Where Smart Picks Go to Die

If Real Life Was Like Recruiting


First off, allow me to apologize for the lack of a show this week.  Things have been busy at OPOC HQ, and sometimes life (which contrary to this post’s title is not really like recruiting) gets in the way.  It remains a possibility that we will have a show before National Signing Day (NSD), which occurs this upcoming Wednesday.  NSD is a magical day when 18 year old boys can utilize an ancient technology (fax machines) to declare their collegiate gridiron intentions.  It’s also a day when millions of men ages 25-50 hang all of their happiness on the actions of 18 year old boys.  So it goes.

Anyway, these days recruiting isn’t just about NSD – it happens year round.  With the advent of recruiting websites, televised high school all star games, etc., recruiting has become almost as widely followed as the games themselves in the fall.  Sometimes, the twists and turns of recruiting get a little bit nuts.  Take for instance, the situation with Reuben Foster.  A recruit highly coveted by both Auburn and Alabama (who just happens to be finishing his high school career in Auburn), Foster strangely left in the middle of his official visit (OV) to Auburn yesterday and ended up in Tuscaloosa that evening.  Each recruit gets to take 5 official visits – a fully paid trip by the school which is the football program’s big chance to “wow” the 18 year old, tell him how awesome he is, and tell him how he will be the next Cam Newton/Trent Richardson/Ray Lewis, etc.  It’s unusual for a recruit to leave right in the middle of one of these OVs.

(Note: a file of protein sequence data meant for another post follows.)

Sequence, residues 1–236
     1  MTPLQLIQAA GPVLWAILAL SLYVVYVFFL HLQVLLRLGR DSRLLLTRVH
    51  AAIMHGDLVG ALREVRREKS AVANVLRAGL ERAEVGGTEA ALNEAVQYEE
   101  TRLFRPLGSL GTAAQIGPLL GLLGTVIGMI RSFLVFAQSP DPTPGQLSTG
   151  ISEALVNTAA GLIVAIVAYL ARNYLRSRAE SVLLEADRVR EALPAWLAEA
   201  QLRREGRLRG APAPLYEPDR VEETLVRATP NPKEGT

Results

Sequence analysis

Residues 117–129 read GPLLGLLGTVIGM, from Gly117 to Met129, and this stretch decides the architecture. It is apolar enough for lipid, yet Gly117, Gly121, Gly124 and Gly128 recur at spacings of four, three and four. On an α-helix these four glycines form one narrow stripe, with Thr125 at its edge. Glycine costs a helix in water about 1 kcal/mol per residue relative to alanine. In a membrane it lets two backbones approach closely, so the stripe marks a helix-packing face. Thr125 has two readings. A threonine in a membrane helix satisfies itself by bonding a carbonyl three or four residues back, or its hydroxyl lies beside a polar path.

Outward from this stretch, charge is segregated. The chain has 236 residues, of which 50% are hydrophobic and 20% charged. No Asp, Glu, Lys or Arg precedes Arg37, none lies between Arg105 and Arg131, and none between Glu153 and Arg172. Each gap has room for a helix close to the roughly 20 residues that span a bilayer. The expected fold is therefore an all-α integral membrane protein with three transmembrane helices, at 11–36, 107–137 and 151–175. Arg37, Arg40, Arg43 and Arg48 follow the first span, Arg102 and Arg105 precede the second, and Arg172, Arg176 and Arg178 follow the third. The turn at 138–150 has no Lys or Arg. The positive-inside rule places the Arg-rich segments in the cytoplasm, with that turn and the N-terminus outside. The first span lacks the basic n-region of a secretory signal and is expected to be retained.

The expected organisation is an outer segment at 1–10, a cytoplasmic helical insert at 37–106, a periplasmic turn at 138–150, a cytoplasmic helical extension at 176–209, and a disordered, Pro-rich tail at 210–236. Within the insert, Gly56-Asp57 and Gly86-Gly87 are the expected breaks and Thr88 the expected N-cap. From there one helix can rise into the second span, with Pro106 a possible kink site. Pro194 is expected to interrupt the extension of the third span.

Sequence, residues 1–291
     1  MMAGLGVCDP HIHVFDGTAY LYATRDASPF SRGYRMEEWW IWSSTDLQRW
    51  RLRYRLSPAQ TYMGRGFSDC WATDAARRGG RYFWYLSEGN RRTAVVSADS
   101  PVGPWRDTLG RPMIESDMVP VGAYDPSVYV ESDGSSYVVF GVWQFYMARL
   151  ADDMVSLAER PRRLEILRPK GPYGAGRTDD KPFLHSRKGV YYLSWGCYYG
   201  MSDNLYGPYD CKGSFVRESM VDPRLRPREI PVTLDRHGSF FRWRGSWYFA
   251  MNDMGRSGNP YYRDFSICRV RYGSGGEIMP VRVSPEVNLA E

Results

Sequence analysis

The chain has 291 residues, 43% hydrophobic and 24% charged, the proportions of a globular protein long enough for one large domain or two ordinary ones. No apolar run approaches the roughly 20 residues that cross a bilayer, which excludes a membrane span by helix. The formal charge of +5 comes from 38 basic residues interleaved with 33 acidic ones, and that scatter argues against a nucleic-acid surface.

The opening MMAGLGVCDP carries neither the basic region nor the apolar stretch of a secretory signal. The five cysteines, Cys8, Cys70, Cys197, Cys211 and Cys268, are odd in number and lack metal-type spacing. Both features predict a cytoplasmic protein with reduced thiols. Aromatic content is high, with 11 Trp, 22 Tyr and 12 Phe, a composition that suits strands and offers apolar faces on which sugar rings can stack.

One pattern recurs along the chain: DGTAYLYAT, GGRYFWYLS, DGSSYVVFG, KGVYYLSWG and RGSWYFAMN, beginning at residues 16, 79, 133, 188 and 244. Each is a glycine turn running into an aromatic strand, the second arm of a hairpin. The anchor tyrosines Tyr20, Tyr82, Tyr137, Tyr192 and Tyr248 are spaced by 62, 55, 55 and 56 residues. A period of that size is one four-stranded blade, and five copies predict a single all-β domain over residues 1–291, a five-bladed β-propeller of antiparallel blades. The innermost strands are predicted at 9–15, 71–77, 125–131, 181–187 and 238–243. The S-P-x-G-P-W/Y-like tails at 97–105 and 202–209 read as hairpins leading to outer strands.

These strange occurrences got me thinking: what if real life was like recruiting?  Here’s a few scenarios that might play out were that the case:


You’ve set up a press conference in the living room of your musty college apartment.  On the table in front of you are three polo shirts with company logos.  ESPNU is showing live shots of top executives at each company, huddled around a boardroom table, waiting with baited breath.  You walk into the room and say, “I just want to start by thanking everyone who’s helped me get to this point: my mom, my dad, my chemistry professor.  I just want everybody to know that I’m committing to GE.  It just feels like family there.  I have a great relationship with all the middle managers, and I really like their facilities (cubicles near windows!)”  You promptly sign your offer letter, scan it to PDF, and then email it to your new boss.


You’re down to your top three.  Each has some qualities you really like, but, like everything, nobody’s perfect.  You’ve decided you’re going to take each of your official visits.  You arrive for your first official visit at the girl’s parents’ house.  Her mother has an incredible spread of fried chicken and all the fixin’s.  Everyone is so friendly and keeps talking about their faith and how they will always be there for you.  You like all of this, but the girl is not the most beautiful woman you’ve ever seen.  You decline to speak to reporters the next day as you are leaving.